By: Tyler Durden
September 2, 2014
The CDC’s worst nightmare is coming true. Despite reassurances from the government that it was ‘contained’, the Ebola outbreak in Nigeria is accelerating fast. Health Minister Chukwu said that 17 had now been infected and 271 were under surveillance (including most horrifyingly, 72 in Lagos). In addition, Congo is seeing cases increase rapidly, with WHO reporting 53 cases of Ebola (31 dead) and warning, perhaps ominously, that there is no link with the West Africa strain. Liberian President Ellen Johnson Sirleaf said the situation in her country “remains grave,” adding “People now don’t see this as a Liberia or West Africa crisis. It could easily become a global crisis.” Furthermore, Doctors-without-Borders warns, “the world is losing the battle to contain the Ebola epidemic.”
Via Doctors Without Borders,
Six months into the worst Ebola epidemic in history, the world is losing the battle to contain it. Leaders are failing to come to grips with this transnational threat.
In West Africa, cases and deaths continue to surge. Riots are breaking out. Isolation centers are overwhelmed. Health workers on the front lines are becoming infected and are dying in shocking numbers. Others have fled in fear, leaving people without care for even the most common illnesses. Entire health systems have crumbled.
Ebola treatment centers are reduced to places where people go to die alone, where little more than palliative care is offered. It is impossible to keep up with the sheer number of infected people pouring into facilities. In Sierra Leone, infectious bodies are rotting in the streets.
Rather than building new Ebola care centers in Liberia, we are forced to build crematoria.
Last week, the World Health Organisation (WHO) projected as many as 20,000 people infected over three months in Liberia, Sierra Leone, and Guinea.
We are in uncharted waters. Transmission rates are at unprecedented levels, and the virus is spreading quickly through Liberia’s capital, Monrovia.
We have been losing for the past six months. We must win over the next three.
Nigeria is bad and getting worse fast.. (via Reuters)
Nigeria has a third confirmed case of Ebola in the oil hub of Port Harcourt, bringing the country’s total confirmed infections to 17, with 271 people under surveillance, the health minister said on Monday.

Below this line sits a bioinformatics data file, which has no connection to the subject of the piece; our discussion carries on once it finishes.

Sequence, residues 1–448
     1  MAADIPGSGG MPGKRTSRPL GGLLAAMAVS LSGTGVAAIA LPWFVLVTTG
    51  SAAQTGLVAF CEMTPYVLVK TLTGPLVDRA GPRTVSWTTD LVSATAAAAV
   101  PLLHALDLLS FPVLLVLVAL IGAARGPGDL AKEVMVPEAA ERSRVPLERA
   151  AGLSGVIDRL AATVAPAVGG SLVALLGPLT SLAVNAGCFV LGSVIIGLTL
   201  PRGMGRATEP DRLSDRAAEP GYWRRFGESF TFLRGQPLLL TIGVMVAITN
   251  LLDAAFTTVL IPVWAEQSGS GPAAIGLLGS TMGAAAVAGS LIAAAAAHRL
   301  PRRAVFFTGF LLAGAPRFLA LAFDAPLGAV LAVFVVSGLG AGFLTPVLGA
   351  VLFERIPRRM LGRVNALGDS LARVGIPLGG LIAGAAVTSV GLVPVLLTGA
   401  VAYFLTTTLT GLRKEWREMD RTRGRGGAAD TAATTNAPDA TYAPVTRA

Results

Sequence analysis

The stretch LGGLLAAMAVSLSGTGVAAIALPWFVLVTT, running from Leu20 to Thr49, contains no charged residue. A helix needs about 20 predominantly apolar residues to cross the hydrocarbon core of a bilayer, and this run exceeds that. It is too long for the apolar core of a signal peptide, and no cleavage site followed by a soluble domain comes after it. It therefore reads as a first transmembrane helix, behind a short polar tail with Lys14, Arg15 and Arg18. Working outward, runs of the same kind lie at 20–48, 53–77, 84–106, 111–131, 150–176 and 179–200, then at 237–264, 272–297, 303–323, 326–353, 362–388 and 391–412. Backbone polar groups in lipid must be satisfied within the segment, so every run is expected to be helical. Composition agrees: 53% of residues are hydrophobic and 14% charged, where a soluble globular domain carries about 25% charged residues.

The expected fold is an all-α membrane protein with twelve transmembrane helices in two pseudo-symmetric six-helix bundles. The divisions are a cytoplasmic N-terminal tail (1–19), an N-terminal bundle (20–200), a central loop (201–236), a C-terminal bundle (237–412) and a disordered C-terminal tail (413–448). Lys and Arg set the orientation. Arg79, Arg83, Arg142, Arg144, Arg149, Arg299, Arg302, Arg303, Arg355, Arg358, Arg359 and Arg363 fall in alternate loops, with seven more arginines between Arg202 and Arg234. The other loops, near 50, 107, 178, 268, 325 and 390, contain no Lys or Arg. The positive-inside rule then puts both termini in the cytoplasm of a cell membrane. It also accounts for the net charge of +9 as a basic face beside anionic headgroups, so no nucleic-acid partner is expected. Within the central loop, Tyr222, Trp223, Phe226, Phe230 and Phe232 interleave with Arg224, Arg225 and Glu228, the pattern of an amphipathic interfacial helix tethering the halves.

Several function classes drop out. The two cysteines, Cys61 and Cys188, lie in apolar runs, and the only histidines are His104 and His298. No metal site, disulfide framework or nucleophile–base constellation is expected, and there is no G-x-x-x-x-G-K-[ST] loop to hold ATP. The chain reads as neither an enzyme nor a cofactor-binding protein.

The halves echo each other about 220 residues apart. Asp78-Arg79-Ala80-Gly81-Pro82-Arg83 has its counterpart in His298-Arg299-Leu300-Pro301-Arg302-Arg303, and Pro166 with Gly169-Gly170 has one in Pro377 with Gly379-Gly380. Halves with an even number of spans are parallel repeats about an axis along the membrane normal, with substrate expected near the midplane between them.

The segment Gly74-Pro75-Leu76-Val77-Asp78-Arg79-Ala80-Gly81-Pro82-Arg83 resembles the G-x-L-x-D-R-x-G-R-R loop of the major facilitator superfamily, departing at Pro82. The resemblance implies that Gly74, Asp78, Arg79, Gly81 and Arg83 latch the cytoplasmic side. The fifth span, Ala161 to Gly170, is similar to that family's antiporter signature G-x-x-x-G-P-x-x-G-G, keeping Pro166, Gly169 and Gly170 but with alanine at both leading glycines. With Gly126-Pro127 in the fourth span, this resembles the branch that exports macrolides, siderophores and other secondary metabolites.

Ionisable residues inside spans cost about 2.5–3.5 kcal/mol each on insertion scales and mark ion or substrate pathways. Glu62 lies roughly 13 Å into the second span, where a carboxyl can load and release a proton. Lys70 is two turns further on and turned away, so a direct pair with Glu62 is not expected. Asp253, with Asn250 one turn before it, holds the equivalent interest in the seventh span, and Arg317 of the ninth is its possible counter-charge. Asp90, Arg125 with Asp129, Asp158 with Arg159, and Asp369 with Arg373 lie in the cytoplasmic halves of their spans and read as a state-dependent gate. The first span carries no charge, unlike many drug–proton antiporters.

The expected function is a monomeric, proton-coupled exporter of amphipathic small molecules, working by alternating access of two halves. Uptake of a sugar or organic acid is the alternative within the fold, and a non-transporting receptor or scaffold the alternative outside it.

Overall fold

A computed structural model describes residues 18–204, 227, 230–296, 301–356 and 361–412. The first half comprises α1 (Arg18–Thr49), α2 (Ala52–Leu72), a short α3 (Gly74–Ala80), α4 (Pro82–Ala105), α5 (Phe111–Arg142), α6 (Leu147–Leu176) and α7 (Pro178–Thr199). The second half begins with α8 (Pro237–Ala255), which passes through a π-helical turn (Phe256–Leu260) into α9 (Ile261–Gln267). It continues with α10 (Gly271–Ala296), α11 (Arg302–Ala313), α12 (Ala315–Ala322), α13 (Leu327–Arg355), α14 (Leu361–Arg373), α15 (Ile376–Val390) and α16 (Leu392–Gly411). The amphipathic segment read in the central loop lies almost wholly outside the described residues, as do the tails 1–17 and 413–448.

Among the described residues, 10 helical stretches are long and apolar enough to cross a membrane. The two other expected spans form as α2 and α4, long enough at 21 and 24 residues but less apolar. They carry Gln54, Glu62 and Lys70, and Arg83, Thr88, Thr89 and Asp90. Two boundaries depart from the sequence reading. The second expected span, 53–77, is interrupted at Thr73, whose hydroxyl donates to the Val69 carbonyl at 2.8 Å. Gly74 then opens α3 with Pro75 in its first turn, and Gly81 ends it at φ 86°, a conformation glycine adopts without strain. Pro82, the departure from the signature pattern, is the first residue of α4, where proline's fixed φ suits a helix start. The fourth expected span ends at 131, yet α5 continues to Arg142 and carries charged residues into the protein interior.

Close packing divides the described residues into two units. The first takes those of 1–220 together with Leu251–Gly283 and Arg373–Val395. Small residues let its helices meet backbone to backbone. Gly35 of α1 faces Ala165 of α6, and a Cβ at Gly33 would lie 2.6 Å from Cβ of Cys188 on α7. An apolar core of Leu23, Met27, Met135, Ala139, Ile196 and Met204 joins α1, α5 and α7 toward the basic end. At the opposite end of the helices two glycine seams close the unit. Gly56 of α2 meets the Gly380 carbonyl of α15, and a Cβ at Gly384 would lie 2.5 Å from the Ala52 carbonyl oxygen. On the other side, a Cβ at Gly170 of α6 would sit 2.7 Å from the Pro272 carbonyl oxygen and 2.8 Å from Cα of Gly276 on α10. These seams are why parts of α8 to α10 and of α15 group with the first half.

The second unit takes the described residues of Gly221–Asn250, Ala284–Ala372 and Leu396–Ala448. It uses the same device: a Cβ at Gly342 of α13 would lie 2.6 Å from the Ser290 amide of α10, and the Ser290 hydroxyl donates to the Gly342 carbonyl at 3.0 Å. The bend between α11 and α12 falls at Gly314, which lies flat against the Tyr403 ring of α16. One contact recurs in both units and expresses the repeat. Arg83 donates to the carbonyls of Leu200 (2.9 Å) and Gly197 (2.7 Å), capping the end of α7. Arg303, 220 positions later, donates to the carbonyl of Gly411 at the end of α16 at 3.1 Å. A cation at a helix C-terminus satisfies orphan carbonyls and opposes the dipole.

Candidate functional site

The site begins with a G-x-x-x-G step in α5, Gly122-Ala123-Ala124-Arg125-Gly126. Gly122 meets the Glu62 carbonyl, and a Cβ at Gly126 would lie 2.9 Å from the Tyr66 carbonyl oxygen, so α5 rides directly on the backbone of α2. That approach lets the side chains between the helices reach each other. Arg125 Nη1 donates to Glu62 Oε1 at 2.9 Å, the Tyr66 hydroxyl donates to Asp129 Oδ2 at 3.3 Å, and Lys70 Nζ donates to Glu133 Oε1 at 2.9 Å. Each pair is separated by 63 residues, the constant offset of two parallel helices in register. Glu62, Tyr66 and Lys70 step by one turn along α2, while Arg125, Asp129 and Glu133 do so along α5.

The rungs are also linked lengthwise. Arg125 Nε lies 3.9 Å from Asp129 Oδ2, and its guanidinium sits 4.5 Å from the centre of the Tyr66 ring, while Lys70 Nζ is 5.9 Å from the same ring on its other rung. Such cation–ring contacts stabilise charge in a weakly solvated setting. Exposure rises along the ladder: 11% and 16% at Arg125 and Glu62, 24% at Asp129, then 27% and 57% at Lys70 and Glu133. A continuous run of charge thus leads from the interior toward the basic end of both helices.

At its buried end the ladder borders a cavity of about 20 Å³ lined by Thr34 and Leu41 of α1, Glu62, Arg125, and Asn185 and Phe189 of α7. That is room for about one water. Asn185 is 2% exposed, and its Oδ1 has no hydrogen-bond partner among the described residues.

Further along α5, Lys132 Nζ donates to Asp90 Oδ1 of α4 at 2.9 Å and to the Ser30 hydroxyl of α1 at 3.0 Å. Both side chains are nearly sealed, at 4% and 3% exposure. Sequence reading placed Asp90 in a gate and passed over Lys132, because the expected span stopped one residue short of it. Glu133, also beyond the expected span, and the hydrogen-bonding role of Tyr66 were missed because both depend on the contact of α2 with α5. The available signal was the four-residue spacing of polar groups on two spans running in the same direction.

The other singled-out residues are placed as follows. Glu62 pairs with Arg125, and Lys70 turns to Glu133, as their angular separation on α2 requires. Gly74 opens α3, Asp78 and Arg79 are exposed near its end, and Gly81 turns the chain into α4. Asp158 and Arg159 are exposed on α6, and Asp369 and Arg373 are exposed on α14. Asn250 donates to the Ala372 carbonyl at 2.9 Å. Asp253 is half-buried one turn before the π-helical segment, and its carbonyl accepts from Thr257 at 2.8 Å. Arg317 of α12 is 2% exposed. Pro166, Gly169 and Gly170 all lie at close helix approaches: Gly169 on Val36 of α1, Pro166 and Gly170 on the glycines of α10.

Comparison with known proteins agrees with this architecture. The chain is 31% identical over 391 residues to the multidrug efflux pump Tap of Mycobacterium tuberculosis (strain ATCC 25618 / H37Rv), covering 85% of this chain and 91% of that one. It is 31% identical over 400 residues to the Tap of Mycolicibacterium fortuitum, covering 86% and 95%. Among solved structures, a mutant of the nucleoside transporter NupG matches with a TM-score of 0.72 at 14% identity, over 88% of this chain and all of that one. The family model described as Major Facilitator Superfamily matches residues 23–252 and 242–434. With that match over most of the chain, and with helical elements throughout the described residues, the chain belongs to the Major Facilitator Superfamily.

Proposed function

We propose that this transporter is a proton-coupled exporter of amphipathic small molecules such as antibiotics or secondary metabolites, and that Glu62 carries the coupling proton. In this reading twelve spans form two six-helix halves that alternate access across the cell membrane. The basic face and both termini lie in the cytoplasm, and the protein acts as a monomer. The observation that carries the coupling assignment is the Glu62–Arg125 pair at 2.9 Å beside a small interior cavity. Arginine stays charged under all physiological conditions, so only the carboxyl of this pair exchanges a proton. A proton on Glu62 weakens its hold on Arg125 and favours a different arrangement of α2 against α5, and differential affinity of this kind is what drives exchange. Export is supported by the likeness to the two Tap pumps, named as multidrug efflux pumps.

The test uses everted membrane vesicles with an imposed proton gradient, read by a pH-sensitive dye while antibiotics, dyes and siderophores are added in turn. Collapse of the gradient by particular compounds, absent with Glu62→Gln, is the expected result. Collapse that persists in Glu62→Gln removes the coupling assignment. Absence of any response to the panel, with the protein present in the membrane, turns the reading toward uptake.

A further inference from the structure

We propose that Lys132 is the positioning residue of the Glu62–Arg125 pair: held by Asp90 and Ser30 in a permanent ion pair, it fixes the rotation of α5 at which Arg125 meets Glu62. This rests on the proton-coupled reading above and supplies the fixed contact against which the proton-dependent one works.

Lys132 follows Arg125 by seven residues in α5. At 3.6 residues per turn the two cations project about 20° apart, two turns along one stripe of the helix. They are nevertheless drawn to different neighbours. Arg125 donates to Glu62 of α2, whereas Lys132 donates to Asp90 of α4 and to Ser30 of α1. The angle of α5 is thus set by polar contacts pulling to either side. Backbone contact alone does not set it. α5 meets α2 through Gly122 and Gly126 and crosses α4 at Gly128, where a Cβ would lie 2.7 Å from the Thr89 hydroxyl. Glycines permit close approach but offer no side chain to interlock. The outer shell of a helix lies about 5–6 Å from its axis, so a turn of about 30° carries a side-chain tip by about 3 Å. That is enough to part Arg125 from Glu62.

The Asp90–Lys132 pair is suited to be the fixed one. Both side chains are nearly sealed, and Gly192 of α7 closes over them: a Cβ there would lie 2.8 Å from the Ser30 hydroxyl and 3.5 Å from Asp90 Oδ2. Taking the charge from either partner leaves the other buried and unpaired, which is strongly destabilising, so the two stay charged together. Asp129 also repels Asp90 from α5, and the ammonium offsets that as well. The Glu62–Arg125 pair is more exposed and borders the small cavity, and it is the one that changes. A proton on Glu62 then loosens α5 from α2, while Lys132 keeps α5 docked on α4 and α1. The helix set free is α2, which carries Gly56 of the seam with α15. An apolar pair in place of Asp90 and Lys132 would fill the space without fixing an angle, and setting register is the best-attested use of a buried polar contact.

Patrick Sawyer, the first case, came from Liberia, and then collapsed at Lagos airport on July 20.
The shift to Port Harcourt shows how easily containment efforts can be undermined. Nigeria’s government acted quickly at the end of July, setting up an isolation ward and monitoring contacts closely. But one of Sawyer’s contacts in Lagos avoided quarantine and traveled east to Port Harcourt.
Health Minister Onyebuchi Chukwu said in a press conference that 72 people in Lagos, a city of 21 million people, were still under surveillance. Another 199 people were under surveillance in Port Harcourt.
Congo is accelerating… (via WHO)
“There are now 31 deaths,” Eugene Kambambi, the WHO’s head of communication in DR Congo, told AFP, citing Congolese authorities and stressing that the epidemic “remains contained” in an area around 800 kilometres north of the capital Kinshasa.
Kabamba added that there were “53 confirmed, suspected or likely cases” of Ebola, while 185 people were under medical watch because they had admitted to contact with patients or were believed to have had dealings with people stricken by the highly contagious disease.
The government announced on August 25 that the DRC was facing its seventh Ebola outbreak since the disease was first identified in the former Zaire in 1976.
The health minister has ruled out any link with a serious Ebola epidemic sweeping parts of west Africa, at a cost of more than 1,500 lives, on the grounds that there had been no contact between those distant nations and Boende. The WHO has taken the same position.
And Liberia is a disaster… (via CNN)
Liberian President Ellen Johnson Sirleaf said Monday that the situation over the massive Ebola outbreak in her country “remains grave.”
“Our health delivery system is under stress. The international community couldn’t respond quickly,” Johnson Sirleaf told CNN’s Nima Elbagir in an interview.
She warned a bigger response is needed to prevent that.
“People now don’t see this as a Liberia or West Africa crisis. It could easily become a global crisis.”
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